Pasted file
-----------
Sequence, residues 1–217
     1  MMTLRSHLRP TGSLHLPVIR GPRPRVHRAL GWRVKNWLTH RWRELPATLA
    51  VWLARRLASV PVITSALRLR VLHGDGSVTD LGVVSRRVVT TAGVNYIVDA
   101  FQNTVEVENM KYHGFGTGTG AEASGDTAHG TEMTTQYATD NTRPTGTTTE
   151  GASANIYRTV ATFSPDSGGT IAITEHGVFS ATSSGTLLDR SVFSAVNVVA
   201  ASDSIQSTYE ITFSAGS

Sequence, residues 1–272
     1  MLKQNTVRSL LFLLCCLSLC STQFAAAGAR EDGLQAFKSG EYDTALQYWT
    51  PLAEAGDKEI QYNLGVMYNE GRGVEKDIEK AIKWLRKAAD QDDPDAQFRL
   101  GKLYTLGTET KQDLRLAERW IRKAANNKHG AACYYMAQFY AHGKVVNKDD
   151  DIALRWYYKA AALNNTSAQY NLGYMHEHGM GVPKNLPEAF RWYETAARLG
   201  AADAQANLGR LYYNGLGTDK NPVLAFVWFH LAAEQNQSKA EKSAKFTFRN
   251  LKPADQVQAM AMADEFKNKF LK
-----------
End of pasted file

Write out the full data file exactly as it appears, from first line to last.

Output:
Sequence, residues 1–217
     1  MMTLRSHLRP TGSLHLPVIR GPRPRVHRAL GWRVKNWLTH RWRELPATLA
    51  VWLARRLASV PVITSALRLR VLHGDGSVTD LGVVSRRVVT TAGVNYIVDA
   101  FQNTVEVENM KYHGFGTGTG AEASGDTAHG TEMTTQYATD NTRPTGTTTE
   151  GASANIYRTV ATFSPDSGGT IAITEHGVFS ATSSGTLLDR SVFSAVNVVA
   201  ASDSIQSTYE ITFSAGS

Sequence, residues 1–272
     1  MLKQNTVRSL LFLLCCLSLC STQFAAAGAR EDGLQAFKSG EYDTALQYWT
    51  PLAEAGDKEI QYNLGVMYNE GRGVEKDIEK AIKWLRKAAD QDDPDAQFRL
   101  GKLYTLGTET KQDLRLAERW IRKAANNKHG AACYYMAQFY AHGKVVNKDD
   151  DIALRWYYKA AALNNTSAQY NLGYMHEHGM GVPKNLPEAF RWYETAARLG
   201  AADAQANLGR LYYNGLGTDK NPVLAFVWFH LAAEQNQSKA EKSAKFTFRN
   251  LKPADQVQAM AMADEFKNKF LK